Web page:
The Al Khalid will remain in Pakistani service for years to come and will be supplemented by the Chinese VT–4, itself a further evolution of the Chinese Type 90 and Al Khalid tank family. The Al Khalid and its improved version, has a design that places significant attention towards tactical mobility and firepower and is designed to counter rapid armored attacks from regional ground based threats, notably found in the Cold Start Doctrine. Further, modern communication equipment, to include real time data links, have been installed, to provide for a robust C2 interface for tank units. The tank was designed to deliver lethal and accurate fire at a range estimated at 2,000 meters with its main gun and out to an estimated 5,000 meters with its tube launched AT–11 origin ATGM. The Al Khalid is not intended to serve purely as an armor stop gap option, it is intended, as well as improved models, to serve as the mainstay of the force, with incremental changes and production, which will over time, modernize and replace obsolescent tanks currently in service. The industrial growth for its State owned company, Heavy Industries Taxila, requires continued orders which will allow for more enhanced and modernized vehicles to be designed and procured. The ultimate goal for the program is to reinforce and strengthen domestic self-reliance and production capability. The design is capable of being deployed and transported by rail, sea, waterway and road modes of transportation. It has a top end weight of 47 tons. The vehicle is designed to be survivable against current direct fire weapon systems and operate in CBRN environments.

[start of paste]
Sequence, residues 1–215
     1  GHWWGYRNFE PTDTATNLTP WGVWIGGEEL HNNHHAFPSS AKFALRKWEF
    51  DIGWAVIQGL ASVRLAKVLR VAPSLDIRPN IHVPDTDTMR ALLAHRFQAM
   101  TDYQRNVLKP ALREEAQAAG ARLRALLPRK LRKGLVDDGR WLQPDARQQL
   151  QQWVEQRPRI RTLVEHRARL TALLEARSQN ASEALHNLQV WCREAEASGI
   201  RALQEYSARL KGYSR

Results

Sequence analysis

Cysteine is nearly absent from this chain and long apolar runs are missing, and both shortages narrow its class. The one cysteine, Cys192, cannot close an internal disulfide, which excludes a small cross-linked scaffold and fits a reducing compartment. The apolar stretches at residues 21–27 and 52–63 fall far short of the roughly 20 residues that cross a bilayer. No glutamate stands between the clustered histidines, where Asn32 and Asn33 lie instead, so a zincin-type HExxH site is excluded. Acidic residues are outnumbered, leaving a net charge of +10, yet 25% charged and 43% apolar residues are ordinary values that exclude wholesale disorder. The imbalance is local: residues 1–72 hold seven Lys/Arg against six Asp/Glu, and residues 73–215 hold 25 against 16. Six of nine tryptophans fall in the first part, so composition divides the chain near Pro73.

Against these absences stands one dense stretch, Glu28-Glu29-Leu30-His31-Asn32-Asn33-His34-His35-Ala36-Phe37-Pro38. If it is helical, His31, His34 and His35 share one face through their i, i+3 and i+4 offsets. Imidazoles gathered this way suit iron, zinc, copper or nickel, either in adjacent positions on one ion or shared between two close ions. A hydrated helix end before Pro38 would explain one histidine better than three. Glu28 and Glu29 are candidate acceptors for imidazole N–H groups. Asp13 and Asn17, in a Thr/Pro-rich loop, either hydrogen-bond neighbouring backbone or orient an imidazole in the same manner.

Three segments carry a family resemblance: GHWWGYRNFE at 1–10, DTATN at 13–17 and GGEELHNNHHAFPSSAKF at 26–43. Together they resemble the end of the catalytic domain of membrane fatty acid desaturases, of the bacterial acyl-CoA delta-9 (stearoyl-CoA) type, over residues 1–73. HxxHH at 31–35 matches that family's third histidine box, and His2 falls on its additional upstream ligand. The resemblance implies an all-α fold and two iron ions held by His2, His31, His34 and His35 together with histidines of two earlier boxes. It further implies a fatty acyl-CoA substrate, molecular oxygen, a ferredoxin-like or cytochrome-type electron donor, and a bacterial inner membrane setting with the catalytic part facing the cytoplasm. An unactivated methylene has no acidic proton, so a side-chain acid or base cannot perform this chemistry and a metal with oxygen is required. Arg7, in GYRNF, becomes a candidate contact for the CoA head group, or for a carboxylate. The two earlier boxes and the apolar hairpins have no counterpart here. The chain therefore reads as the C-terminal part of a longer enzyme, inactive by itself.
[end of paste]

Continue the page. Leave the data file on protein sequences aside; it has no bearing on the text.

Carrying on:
The tank possess digital automotive functions to support training, mission preparation and execution, which facilitate tactical employment. The tank possesses situational awareness and target acquisition capabilities to orient and deliver direct fires on enemy forces. The tank employs a battle management system and has the ability to receive data downloads from aerial assets in a non-contested environment. Pakistani armored doctrine focuses on rapid deployments to occupy battle positons. The vehicle can also provide direct support to infantry units with its 125mm main gun by using HE-Frag munitions. The tank also possesses sufficient thermals and a fire control system that allows for engagements in all weather conditions and while on the move. It is estimated to possess DRI capabilities, with identification ranges rated at or around 5km on the newest models as a result of improved capabilities gain through foreign assistance.